World Cotton Day: Its Benefits And Why We Can’t Live Without It

Cotton, used as a raw material for textiles all over the world, is a very important commodity in the global economy. This is why there are over 100 nations where cotton is farmed and traded as an agricultural product, with over 150 countries active in exports and imports.

Cotton exports not only contribute significantly to foreign exchange gains but also account for a major share of GDP and tax revenue in many other nations. Cotton also plays an important role in Africa’s economic development; 37 of the 53 African countries produce cotton, and 30 of them export it.


Here Are Some Fun Facts About:

1. The name cotton comes from the Arabic word ‘Qutn’ which means fancy

2. Cotton plants need over 200 days to grow

3. It has been around for over 8,000 years

4. Accounts for almost 40% of clothing manufacturing

5. Ikea uses 1% of the world’s annual cotton production

Egyptian Cotton Types

Due to the humid and nutrient-rich soil, Egyptian cotton fibres tend to become extra-long. As a result, it’s crucial to understand that Egypt grows several various types of cotton, which are classified according to the length of the cotton fibre, or ‘staple’. Therefore, there are three types of cotton: extra-long staple (ELS), Long Staple (LS), and normal cotton, with considerable distinctions between them.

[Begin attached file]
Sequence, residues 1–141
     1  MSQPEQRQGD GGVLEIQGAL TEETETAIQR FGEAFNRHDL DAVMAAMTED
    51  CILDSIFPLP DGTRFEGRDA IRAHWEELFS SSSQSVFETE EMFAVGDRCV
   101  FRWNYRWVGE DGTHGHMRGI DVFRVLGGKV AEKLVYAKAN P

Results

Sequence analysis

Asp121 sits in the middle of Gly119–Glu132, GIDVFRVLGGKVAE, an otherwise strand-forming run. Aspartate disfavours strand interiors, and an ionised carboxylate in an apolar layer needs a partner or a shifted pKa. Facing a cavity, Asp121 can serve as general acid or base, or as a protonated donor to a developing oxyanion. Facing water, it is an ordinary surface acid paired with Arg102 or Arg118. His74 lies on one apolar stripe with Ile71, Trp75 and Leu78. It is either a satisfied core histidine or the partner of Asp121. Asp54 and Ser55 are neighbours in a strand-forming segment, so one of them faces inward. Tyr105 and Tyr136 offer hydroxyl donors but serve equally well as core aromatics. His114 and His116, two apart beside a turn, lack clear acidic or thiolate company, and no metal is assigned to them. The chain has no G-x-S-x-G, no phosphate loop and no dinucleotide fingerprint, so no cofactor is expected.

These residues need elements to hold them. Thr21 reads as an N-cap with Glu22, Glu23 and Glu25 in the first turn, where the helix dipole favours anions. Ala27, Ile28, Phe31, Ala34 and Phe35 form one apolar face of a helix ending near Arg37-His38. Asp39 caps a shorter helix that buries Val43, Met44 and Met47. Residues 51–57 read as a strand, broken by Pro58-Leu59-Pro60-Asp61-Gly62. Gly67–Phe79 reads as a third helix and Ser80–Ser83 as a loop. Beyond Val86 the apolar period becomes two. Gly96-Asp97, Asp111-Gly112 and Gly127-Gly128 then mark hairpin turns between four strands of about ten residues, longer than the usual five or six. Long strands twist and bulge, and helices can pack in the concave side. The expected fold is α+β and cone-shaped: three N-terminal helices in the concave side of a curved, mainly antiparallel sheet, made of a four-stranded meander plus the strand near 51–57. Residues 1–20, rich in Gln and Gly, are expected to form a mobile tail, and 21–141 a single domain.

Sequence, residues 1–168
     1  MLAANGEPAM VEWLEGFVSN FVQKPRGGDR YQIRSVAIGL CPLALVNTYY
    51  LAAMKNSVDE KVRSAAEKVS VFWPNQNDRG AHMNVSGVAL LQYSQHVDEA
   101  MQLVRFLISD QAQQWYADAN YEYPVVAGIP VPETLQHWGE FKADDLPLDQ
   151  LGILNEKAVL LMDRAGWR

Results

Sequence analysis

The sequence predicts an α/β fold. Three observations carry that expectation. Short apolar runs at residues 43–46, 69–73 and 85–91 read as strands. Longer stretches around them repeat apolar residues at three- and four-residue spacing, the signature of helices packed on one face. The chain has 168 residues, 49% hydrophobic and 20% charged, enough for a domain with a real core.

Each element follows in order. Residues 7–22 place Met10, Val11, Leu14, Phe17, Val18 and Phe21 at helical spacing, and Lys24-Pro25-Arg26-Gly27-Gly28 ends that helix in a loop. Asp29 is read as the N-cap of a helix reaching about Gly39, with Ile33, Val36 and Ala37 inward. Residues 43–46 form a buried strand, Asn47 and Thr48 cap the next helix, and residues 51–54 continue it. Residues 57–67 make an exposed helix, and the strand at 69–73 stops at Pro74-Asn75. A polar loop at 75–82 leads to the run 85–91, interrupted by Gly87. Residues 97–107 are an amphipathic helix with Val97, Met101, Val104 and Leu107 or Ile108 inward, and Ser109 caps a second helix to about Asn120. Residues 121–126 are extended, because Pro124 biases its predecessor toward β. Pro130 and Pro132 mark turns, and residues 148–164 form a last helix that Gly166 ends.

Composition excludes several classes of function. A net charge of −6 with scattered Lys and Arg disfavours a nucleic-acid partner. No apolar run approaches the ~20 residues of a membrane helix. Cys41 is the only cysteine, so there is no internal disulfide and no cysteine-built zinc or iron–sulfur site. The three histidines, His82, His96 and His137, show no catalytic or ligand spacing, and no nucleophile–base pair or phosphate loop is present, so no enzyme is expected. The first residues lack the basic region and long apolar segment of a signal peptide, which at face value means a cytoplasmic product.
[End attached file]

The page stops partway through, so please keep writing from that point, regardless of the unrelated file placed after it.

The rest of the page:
What Is World Cotton Day?

World Cotton Day is observed by several nations throughout the world with events that highlight the contributions of farmers, researchers, and businesses to the value chain. The World Trade Organization (WTO) tends to sponsor such events.

Nonetheless, it is crucial to emphasize that it is a poverty-relieving crop in some of the world’s least-developed countries. Thus, a source of sustainable and good work for people all over the world. It also aids in the attainment of clean oceans because it biodegrades quickly in comparison to other synthetic alternatives. This leads to a reduction in the amount of plastic. It’s also a crop that thrives in arid climates at a rate that no other crop can.

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